The Group of Seven industrial powers reaffirmed their commitment Friday to swift ratification and entry into force of last year’s landmark Paris climate pact, while Japan managed to keep the Fukushima nuclear disaster from taking center stage.

The Paris Agreement struck last December at the COP21 climate conference seeks to limit a rise in global average temperature to well below 2 degrees Celsius. It is described by the European Commission as “the first-ever universal, legally binding” global climate framework.

“The G-7, continuing to take a leadership role, commits to taking the necessary steps to secure ratification, acceptance or approval of the Paris Agreement as soon as possible, and calls on all Parties to do so striving for a goal of entry into force in 2016,” the leaders said in a communique as the two-day G-7 summit at the Ise-Shima resort in Mie Prefecture drew to a close.

With the significance of the Paris deal in mind, the leaders said they will also strive to encourage the use of clean energy, invest more aggressively in energy technologies and accelerate efforts toward making the transition to an energy system that enables de-carbonization of the global economy.

Despite being one of the global front-runners in clean energy technology development, the promotion of this sector by Japan may sound hollow since it has relied heavily on fossil fuels rather than renewables since the 2011 Fukushima meltdowns.

Recently, Japan has been promoting the use of liquefied natural gas, highlighting the fact that natural gas releases less than 60 percent of the carbon dioxide released by coal when burned. Scientists, however, say LNG is merely “less bad” than coal and oil.

Japan’s LNG imports since the Fukushima crisis have soared, making it a contributing factor in tipping its trade balance into the red.

At the Ise-Shima summit, Japan successfully avoided being singled out for criticism over climate and energy issues.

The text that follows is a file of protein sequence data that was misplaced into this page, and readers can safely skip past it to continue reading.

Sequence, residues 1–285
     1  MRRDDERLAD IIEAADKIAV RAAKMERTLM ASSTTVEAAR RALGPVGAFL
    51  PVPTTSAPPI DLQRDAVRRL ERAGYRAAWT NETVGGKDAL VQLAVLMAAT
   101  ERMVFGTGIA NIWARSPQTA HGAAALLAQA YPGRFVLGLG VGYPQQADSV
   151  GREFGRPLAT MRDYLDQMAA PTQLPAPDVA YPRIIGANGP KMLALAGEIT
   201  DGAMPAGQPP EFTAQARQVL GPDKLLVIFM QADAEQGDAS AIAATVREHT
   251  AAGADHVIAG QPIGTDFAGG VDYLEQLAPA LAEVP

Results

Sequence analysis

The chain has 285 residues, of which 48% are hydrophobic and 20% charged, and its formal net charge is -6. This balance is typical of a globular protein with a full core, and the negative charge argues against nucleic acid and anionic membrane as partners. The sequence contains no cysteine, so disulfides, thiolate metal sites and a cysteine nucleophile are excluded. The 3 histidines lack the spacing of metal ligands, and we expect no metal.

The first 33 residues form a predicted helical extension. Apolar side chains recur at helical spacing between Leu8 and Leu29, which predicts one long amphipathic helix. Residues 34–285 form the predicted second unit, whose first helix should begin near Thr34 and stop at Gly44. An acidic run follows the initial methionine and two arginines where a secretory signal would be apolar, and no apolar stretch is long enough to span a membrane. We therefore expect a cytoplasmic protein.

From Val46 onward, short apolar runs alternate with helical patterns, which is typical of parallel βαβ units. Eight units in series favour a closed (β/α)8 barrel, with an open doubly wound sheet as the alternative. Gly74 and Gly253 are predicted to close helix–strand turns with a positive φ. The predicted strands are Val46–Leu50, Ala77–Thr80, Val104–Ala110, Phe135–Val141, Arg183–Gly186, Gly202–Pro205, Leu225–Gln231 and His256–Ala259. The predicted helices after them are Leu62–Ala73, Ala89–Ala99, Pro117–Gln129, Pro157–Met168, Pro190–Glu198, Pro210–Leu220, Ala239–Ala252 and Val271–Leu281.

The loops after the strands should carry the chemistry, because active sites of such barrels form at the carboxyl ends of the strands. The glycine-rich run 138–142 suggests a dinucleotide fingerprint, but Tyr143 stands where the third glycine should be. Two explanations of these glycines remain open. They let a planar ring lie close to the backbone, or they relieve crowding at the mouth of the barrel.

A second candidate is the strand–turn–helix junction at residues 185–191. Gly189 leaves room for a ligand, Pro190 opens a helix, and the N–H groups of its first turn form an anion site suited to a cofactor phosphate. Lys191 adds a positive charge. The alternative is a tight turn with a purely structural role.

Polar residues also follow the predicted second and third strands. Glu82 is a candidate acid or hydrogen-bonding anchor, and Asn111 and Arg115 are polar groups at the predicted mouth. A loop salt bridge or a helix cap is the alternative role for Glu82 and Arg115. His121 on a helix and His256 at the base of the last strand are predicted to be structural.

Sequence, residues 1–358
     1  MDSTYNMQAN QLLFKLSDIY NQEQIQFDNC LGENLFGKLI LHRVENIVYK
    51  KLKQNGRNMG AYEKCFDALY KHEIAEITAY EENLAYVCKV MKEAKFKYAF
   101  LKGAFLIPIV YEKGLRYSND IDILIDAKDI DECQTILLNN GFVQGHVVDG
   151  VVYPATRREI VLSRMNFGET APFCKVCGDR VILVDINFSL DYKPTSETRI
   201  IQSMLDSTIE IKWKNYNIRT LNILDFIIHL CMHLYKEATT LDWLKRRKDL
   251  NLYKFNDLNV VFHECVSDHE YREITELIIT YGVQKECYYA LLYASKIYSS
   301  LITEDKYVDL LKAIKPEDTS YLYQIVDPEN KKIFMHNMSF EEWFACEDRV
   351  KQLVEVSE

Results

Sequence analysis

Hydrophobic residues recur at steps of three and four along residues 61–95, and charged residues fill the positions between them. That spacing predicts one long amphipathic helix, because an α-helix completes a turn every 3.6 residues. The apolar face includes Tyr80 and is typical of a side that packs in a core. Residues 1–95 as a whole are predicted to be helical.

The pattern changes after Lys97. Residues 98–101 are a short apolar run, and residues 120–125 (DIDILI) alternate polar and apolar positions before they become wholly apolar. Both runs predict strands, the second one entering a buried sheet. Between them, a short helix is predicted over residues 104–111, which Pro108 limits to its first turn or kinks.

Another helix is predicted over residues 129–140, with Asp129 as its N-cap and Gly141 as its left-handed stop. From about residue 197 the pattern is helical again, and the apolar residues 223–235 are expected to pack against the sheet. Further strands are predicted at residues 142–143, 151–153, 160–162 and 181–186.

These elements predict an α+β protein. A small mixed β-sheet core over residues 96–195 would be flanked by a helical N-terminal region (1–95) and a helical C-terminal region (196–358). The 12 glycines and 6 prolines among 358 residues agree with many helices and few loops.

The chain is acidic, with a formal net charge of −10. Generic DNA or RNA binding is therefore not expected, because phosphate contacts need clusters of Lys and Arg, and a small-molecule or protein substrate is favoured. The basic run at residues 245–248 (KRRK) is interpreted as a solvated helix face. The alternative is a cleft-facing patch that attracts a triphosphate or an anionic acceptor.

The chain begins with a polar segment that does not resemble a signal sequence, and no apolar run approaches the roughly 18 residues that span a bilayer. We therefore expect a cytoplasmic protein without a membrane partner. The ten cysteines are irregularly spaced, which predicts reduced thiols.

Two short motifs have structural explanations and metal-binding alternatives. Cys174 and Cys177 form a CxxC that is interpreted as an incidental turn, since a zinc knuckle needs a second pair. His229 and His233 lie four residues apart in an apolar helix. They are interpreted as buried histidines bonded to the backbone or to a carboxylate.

During a session on climate change Friday morning, Prime Minister Shinzo Abe, who chaired the G-7 meeting, kept off the agenda Japan’s contribution to greenhouse gas emissions.

Also, Abe successfully led his counterparts to endorse the cleanup efforts of Tokyo Electric Power Holdings Inc., the embattled operator of the Fukushima plant.

“We welcome the steady progress on decommissioning and treatment of contaminated water at Fukushima Daiichi Nuclear Power Station, and Japan’s efforts to proceed in an open and transparent manner in close communication with the international community, towards developing accurate global understanding of the situation in Fukushima,” the leaders said in the statement.

Friday’s agreement followed an outcry by environmental nongovernmental organizations against major industrial powers for their lack of real action on climate change.

On the sidelines of the summit talks, the NGOs on Thursday urged the G-7 leaders to work toward reducing fossil fuels.

They accused Japan of being the “worst offender” among developed countries when it came to investing in international coal-related projects.

Despite the comments, there were few visible protests near the venue as a result of tight security and the difficulty in accessing the remote Ise-Shima area, which is situated on the coastal tip of Mie Prefecture.

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